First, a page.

Winning a personal injury lawsuit is just the first step in recovering for your injuries and damages. Collecting on the judgment is the final step – and sometimes the most difficult. Whether or not you are able to collect on the judgment depends on the amount of liability coverage the defendant carries and the assets available to pay the judgment. If the defendant lacks sufficient liability insurance coverage, or does not have sufficient income or assets to pay the judgment, collection on the judgment can be difficult.
What Is a Personal Injury Judgment?
A personal injury judgment is a court order that states the amount of money that you are owed by another party. The judgment does not provide for collection of the specified dollar amount, but rather, authorizes you to use the legal procedures necessary to enforce the judgment.
What If the Defendant Has No Liability Insurance Coverage?
If the judgment debtor (usually the defendant) lacks sufficient insurance coverage to pay the judgment, you will need to use the collection mechanisms enforced by the state law, such as garnishment of wages or filing a lien against any property of the judgment debtor. Some jurisdictions allow you to petition the court for a writ of execution that will permits the seizing of assets of the judgment debtor pay the judgment.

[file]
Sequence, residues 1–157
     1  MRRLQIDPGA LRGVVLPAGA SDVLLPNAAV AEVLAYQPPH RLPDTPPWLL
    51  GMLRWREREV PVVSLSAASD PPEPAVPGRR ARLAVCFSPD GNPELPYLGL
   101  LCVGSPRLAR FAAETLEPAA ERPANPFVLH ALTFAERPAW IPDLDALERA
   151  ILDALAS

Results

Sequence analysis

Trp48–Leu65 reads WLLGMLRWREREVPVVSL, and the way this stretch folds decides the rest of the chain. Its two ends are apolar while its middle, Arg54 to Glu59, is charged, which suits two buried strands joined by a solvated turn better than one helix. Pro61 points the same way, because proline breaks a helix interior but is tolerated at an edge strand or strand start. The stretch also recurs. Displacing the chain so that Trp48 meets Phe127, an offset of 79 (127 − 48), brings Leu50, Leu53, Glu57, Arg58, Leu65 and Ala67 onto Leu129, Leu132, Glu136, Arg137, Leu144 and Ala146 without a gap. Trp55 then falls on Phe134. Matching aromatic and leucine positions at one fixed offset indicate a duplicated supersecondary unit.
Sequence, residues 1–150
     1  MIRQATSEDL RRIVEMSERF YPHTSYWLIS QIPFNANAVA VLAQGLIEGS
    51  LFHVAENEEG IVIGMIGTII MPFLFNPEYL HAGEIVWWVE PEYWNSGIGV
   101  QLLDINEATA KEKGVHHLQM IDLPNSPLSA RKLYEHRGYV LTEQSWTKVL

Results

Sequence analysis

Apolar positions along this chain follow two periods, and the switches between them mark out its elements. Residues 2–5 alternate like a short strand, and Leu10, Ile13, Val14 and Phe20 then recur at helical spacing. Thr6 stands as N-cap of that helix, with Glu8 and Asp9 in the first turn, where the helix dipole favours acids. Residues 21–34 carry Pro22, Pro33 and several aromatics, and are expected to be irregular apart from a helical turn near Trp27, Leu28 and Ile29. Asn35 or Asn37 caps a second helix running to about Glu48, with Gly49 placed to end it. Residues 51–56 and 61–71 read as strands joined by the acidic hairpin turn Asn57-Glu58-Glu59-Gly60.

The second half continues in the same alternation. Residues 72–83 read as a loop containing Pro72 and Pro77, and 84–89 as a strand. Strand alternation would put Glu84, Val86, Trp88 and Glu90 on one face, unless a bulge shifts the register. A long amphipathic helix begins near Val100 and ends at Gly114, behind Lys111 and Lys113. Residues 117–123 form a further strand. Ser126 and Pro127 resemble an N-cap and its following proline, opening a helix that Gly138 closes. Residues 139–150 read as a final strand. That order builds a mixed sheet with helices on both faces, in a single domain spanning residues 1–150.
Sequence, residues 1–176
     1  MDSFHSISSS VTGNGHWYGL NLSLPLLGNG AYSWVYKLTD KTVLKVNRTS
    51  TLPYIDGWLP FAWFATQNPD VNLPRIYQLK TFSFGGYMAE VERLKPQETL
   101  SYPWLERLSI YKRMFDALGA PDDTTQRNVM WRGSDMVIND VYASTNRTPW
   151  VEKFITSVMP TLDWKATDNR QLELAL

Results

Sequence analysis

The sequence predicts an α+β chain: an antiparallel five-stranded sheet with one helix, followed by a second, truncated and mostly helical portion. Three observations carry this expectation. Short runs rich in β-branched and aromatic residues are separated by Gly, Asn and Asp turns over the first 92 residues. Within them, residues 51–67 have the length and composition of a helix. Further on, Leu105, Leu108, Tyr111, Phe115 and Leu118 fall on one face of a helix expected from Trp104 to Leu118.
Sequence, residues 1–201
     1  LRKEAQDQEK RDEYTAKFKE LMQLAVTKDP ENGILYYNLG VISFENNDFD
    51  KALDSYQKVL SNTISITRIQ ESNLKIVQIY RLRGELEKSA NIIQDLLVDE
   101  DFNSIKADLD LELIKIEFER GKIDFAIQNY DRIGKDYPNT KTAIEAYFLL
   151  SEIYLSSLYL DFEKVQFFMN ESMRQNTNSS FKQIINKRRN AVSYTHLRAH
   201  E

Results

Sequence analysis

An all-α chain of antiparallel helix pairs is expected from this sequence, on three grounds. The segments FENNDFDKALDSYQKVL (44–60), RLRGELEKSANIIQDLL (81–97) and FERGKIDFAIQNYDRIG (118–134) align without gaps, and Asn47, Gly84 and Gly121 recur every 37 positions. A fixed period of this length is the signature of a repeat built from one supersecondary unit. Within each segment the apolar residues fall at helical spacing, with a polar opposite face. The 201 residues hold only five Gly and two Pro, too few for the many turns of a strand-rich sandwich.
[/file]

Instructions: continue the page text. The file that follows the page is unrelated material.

Unfortunately, when a defendant lacks insurance coverage, it often means that he or she also lacks sufficient assets to satisfy the judgment. When a defendant lacks sufficient insurance coverage or assets to satisfy a judgment, he or she is said to be “judgment proof.”
A skilled personal injury attorney like the Chicago personal injury lawyers at Ankin Law Offices, LLC will undergo a comprehensive discovery process to determine the insurance coverage or assets that the defendant has available to satisfy any judgment that may be entered. If the defendant lacks sufficient insurance coverage, but as assets available, we will use whatever legal means necessary to access such assets in order to satisfy the judgment so that you can recover for your injuries or damages.